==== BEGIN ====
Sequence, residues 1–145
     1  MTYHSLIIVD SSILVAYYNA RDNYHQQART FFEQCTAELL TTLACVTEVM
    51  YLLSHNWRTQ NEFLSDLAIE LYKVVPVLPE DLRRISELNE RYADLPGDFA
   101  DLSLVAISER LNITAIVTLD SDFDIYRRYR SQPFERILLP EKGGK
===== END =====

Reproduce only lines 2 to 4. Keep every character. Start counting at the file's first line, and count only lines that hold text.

     1  MTYHSLIIVD SSILVAYYNA RDNYHQQART FFEQCTAELL TTLACVTEVM
    51  YLLSHNWRTQ NEFLSDLAIE LYKVVPVLPE DLRRISELNE RYADLPGDFA
   101  DLSLVAISER LNITAIVTLD SDFDIYRRYR SQPFERILLP EKGGK